While the final season of Game of Thrones is still a year away, Iain Glen, who’s known for his role as Ser Jorah Mormont, admitted that the “rather brilliant” ending won’t please all of the beloved show’s fans.
He told the Indian Express that as a fan of the HBO fantasy show, the ending “satiated my expectations and hopes,” but “with something this big like Game of Thrones, you cannot please everyone.”
Nonetheless, he praised all the people behind the tightly-guarded show because of the resources that they have been putting in since Season 1.
“It is really rare to find a production company who puts the finances that were required to create a very diverse world, landscapes, and everything the Game of Thrones has done.”
Earlier this month, Variety reported that at the INTV Conference in Israel, HBO executive Francesca Orsi revealed that the Game of Thrones cast members “stood up and applauded for 15 to 20 minutes” after reading the show’s final six scripts.
However, the table read didn’t simply finish with the applause because “by the very end, everyone looked down and looked up and tears were in their eyes.” Even if the cast members were given their scripts prior to the table read, some chose not to read theirs. For this reason, they only found out about their characters’ possibly tragic fates during that table read.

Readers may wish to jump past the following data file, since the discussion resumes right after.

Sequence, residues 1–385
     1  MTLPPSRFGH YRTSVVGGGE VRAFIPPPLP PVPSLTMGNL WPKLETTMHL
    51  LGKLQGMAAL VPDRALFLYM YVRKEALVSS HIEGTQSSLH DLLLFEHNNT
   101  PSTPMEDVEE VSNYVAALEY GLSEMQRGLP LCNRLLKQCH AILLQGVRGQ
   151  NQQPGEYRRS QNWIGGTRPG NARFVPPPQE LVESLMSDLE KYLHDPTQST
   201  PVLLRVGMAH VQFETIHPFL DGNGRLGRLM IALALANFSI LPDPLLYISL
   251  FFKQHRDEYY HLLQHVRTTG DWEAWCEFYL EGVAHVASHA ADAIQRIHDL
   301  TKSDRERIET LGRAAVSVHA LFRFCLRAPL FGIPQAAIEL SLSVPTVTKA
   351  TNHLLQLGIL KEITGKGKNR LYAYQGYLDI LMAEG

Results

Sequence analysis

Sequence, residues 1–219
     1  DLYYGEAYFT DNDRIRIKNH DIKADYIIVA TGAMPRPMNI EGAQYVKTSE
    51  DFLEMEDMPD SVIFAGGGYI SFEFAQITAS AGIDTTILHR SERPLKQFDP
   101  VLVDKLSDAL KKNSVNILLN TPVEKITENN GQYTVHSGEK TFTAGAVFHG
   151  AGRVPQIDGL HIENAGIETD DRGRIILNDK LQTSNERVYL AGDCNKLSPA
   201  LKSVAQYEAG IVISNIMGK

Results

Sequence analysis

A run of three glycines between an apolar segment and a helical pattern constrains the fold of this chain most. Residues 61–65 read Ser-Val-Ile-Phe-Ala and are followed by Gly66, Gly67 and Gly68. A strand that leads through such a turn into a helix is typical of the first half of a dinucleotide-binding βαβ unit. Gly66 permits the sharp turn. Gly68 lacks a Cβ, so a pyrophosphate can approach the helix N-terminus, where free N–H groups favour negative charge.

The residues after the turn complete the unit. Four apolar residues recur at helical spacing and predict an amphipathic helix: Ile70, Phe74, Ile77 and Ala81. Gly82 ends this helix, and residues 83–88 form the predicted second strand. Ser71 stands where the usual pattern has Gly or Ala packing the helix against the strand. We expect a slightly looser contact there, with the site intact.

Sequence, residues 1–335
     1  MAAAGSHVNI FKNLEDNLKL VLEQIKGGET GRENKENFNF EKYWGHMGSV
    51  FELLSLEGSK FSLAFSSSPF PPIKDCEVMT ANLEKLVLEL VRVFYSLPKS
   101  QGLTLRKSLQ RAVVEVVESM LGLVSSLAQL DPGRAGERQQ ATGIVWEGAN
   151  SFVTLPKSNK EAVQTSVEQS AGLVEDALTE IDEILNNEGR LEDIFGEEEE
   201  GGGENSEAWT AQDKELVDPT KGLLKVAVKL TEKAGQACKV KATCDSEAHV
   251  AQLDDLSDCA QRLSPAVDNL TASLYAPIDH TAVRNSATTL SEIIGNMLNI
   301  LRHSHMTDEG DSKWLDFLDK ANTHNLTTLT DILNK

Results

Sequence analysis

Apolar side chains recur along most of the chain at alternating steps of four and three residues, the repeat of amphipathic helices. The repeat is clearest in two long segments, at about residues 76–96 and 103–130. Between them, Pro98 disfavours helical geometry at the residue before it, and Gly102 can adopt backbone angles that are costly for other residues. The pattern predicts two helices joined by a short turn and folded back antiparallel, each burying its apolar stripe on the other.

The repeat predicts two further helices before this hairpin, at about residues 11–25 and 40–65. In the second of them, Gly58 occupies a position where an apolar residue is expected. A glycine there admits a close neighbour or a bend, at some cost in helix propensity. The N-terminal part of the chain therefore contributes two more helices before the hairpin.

Popular speculations include Jon, Daenerys, and her dragons dying. Some theorize that Gendry will end up killing Arya for him to forge his weapon as the real Azor Ahai.
Game of Thrones loyalists might not have miss the show for too long because network executives are reportedly “going big” for the prequels. As opposed to previous reports, the upcoming projects aren’t spin-offs, because their stories are set way before the events in the Game of Thrones series.
At the same international conference, Orsi shared that HBO currently has five scripts for the follow-up projects. She said that stakeholders are debating about the budget for the prequels. After all, Game of Thrones itself started with a modest budget, but for the last season, the episodes reportedly cost $15 million each.